The good news for banks is that this situation has given rise to a new category of tech firms like Core10, PortX, Constellation, and Sandbox Banking—let’s call them core integration platforms—that promise to make it easier to integrate ancillary systems to existing cores and create a strategy for core replacement.

3) The people shortage. Core integration platforms are a good thing for banks, but the new reality is that banks will still need people to put things together. The (mid-size) bank IT department has evolved from being a builder to a vendor management team and will evolve further in this decade to become an integration team.

Finding these people—and others who bring expertise in technologies like machine learning, conversational AI, and generative AI—will be the number one challenge for banks throughout the rest of the decade.

A new reality facing banks throughout the Crisis of the ’20s: The four walls of a bank are no longer there.

The amount of work and positions that will need to be outsourced or partnered for means the typical bank may find that nearly half of the people working “with the bank” don’t work “for the bank”—or even “at the bank.”

4) The creativity imperative. Every management fad has a life cycle, and the innovation fad is on its last legs. For the past five years or so, banks have obsessed over “innovating.” Other than an ad hoc innovation team led by someone with a lofty chief innovation officer title, few banks have truly created any innovations.

That isn’t to say that they haven’t made a lot of internal changes and improvements, but most of these efforts don’t live up to the innovation label.

Banks need to stop playing innovation charades. With the influx of new technologies, the challenge isn’t “innovation” but “creativity”—how can banks, at an organizational level, make more creative use of data and technology than their competitors, and how can they help their people become more creative in getting their jobs done.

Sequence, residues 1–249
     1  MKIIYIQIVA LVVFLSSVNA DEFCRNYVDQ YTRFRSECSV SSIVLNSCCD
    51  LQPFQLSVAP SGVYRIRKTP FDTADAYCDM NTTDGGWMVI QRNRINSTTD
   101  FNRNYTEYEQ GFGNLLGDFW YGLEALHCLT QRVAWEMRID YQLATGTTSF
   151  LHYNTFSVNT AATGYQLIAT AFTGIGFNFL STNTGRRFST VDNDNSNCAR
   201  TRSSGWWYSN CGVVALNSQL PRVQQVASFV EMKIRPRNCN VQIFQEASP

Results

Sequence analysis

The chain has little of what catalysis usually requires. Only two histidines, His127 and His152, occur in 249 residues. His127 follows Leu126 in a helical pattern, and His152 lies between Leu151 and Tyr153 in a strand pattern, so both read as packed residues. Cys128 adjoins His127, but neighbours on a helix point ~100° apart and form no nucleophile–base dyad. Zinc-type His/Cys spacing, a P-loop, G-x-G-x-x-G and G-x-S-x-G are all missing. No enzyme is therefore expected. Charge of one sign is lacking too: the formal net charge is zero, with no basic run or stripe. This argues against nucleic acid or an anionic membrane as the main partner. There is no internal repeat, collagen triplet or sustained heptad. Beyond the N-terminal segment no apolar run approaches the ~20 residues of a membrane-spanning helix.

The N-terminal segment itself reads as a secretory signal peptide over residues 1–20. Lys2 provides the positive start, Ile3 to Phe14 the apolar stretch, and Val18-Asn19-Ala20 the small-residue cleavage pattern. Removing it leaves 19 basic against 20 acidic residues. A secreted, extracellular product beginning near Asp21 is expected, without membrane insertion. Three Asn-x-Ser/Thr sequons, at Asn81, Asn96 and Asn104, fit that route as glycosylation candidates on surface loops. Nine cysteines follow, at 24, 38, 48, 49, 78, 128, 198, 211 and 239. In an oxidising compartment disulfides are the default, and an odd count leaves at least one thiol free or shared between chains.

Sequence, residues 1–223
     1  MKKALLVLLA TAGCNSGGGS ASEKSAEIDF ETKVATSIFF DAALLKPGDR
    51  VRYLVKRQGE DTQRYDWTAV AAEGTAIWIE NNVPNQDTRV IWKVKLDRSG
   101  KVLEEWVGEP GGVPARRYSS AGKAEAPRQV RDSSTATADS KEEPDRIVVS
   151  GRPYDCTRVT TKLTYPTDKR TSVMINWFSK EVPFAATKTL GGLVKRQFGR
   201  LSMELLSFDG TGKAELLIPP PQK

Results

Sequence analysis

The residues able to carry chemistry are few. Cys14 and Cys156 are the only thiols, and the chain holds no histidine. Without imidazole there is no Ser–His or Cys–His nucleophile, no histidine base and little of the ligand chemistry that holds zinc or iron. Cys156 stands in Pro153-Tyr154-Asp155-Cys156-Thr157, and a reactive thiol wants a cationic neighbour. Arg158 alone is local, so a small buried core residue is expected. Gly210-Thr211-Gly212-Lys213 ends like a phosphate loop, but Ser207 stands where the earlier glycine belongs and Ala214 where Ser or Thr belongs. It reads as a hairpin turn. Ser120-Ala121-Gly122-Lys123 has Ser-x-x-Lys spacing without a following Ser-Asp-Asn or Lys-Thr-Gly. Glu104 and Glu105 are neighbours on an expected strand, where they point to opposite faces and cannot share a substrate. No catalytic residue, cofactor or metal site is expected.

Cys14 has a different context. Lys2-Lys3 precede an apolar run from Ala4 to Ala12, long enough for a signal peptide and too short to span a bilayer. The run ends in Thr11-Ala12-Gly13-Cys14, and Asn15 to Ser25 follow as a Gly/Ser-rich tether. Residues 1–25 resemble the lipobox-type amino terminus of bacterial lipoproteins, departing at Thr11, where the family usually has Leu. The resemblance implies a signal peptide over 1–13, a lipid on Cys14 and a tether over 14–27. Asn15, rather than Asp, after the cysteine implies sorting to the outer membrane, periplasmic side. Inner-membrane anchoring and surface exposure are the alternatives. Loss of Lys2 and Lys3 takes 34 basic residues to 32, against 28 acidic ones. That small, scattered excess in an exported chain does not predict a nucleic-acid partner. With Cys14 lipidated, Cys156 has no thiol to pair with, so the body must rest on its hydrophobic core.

5) The political element. For some politicians (you know who they are), banks are the scapegoats for society’s ills. Increased regulations from a bank-unfriendly government work against all the things banks need to do to survive and thrive in the Crisis of the ’20s.

Overcoming the Crisis of the ’20s

Two types of banks will be winners come 2030: The lucky and the smart. It’s always good to be one of the lucky 1%, but most banks will need to be smart and that means:

Lengthening the strategic planning horizon. Too many banks only plan out one to two years—and pay lip service to ensuring years. Banks need to pay more attention to years three through seven (focusing on the five elements of the Banking Crisis of the ’20s).

Building new strategic capabilities. Too many banks go into the annual planning process and identify projects they intend to complete in the coming year. But they typically don’t assess their internal ability to get the project done. So, they rely on third-party resources when they should have developed the skills internally.

Determining a new strategic focus. Community-based financial institutions can no longer rely on their geographic communities for growth. They’ll need to carve out niches that they believe they can serve better than other institutions and look for members of that niche wherever they are.

Ron Shevlin is chief research officer at Cornerstone Advisors. Follow Ron on LinkedIn